RSS and Atom Feed Tutorial

for Content Publishers and Webmasters

Introducing Feeds

Think about all of the information that you access on the Web on a day-to-day basis: news headlines, search results, “What’s New”, job vacancies. A large amount of this content can be thought of as a list of updates.

Most people need to track a number of these lists, but it becomes difficult once they have more than a handful of places they want to keep up-to-date with. This is because they have to go to each page, load it, remember how it’s formatted, and find where they last left off in the list.

A Web feed is a document format that allows the syndication of lists of content, often with hyperlinks, along with other information.

This allows peoples’ computers to fetch and understand the information, so that all of the lists they’re interested in can be tracked and personalized for them. It is a format that’s intended for use by computers on behalf of people, rather than being directly presented to them (like HTML).

To publish a feed, a Web site publishes a document, just like any other document on their Web server. Once a feed is available, computers can regularly fetch the feed document to get the most recent items on the list. Most often, people will do this with an aggregator, a program that manages a number of feeds and presents them in a single interface.

What’s in a Feed?

A feed document has information about the feed itself, called feed metadata – things like the title of the feed, who publishes it, and where to find it on the Web. That’s followed by a list of items or entries.

A basic item will include a link, a title, and a description. Most feeds also contain the associated content (marked up with HTML) and other metadata, like when the item was published.

Generally, the items in the feed will be the most recent things that have been published in the feed. For example:

<rss version="2.0">
    <title>My Example Updates</title>
    <description>Things that I've recently updated.</description>
       <title>New Paper Published</title>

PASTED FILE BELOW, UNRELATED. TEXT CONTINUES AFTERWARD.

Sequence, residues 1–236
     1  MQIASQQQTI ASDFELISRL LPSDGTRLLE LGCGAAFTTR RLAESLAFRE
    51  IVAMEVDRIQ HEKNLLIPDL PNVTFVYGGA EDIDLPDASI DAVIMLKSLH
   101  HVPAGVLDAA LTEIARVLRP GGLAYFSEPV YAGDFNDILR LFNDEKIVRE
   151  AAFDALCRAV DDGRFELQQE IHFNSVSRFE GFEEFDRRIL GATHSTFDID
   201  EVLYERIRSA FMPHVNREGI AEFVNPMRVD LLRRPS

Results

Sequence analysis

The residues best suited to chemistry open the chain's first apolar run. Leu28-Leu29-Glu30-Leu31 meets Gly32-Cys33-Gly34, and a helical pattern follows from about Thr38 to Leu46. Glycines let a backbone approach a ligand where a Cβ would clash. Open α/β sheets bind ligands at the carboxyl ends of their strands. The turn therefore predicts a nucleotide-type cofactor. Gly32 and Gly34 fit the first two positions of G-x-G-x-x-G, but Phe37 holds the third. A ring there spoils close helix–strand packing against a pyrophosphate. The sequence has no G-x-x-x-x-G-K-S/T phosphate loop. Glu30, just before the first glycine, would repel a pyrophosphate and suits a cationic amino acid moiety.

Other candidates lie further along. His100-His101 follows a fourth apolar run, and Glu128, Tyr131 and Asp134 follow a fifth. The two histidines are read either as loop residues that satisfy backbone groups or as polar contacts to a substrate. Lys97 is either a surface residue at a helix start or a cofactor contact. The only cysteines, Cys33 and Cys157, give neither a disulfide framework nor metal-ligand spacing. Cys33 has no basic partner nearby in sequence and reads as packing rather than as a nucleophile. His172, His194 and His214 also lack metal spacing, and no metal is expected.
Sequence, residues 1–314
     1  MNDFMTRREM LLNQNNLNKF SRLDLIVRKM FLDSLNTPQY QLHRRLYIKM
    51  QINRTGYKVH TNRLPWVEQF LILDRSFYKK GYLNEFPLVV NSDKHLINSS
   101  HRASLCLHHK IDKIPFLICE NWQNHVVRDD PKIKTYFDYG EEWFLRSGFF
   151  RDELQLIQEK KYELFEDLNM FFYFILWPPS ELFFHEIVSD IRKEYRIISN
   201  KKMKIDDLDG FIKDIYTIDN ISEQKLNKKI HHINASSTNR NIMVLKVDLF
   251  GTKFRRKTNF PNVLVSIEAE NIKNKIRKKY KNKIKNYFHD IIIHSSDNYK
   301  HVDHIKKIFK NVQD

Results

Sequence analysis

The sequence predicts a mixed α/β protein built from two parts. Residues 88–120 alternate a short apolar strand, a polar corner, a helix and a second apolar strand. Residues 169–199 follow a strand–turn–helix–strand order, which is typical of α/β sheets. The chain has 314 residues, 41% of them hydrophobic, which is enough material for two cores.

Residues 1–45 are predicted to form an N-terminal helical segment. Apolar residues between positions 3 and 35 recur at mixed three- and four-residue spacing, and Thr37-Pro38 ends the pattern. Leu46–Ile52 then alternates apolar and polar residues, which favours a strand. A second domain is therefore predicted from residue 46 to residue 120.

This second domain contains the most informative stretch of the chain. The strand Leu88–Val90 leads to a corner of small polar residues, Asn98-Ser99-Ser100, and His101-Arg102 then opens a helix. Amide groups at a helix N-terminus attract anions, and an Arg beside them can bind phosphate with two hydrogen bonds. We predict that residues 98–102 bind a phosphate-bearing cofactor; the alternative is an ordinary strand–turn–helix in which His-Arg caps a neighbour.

<description>My paper was published in the Example Journal today.</description>
       <title>Research Project Results</title>

Note that this example doesn’t include feed content - your feed should!

Why Should I Publish a Feed?

When you publish a Web site, people only become aware of updates when they visit it. Unless they have a reason to visit your site regularly, your content will get lost in the noise of all the other information that busy people need to track. Even when they do visit your site, they’ll have to remember how to find their way around (since every site’s navigation and style are different), and find where they left off.

All of this creates friction against people seeing your latest content. When people who are interested in your content are able to subscribe to a feed for it, that friction is greatly reduced. They’ll open a feed reader (sometimes called an aggregator) and the latest updates from all the sites they’re interested in are there for them – presented in a consistent way, and usually remembering where they left off. Your updates will get seen more reliably.

For example, imagine that your organization makes an announcement every month or two. Without a feed, your readers have to remember to come to your site and see if they find anything new — if they have time. If you provide a feed for them, they

The tradeoff is that you don’t have complete control over how the feed content is presented to your readers. While you can use basic HTML elements like <p>, <em>, <strong>, <h1>, <a> and so forth, you can’t control the stylesheet, and you can’t use JavaScript. These limitations make it possible to present feeds from many different sources consistently to readers.

It also means you can’t put targeted ads into your feeds, and so sites that use privacy-invading techniques to track users probably won’t publish Web feeds. These factors create a feed ecosystem made up of sites like academic publishers, expert commentary, and other information that tends to be intrinsically valuable. Web feeds aren’t about “driving eyeballs” or monetizing users; they’re about making sure that good content gets in front of people who are interested in it.

Web feeds are conceptually similar to the feeds you can get on social media sites like Twitter or Facebook, but with an important difference: you completely control the content in your feed, so it’s a direct line of communication between you and your audience. A third party can’t control what people see from your content, or how it’s presented.

What is Your Feed About?

Any list-oriented information on your site that your viewers might be interested in tracking or reusing is a good candidate for a feed. This can encompass news headlines and press releases, job listings, conference calendars and rankings (like ‘top 10’ lists).

For example:

While it’s a good start to have a “master feed” for your site that lists recent updates, don’t stop there. Generally, each area of your site that features a changing list of information should have a corresponding feed; this allows viewers to precisely target their interests.

Think about it from the reader’s standpoint. If they’re looking at a news site, a full feed of everything on it will quickly become overwhelming, and will contain many entries that don’t interest them. If separate feeds are available for the different sections (local news, sports, business, etc.), they can tailor what they subscribe to to make it more relevant.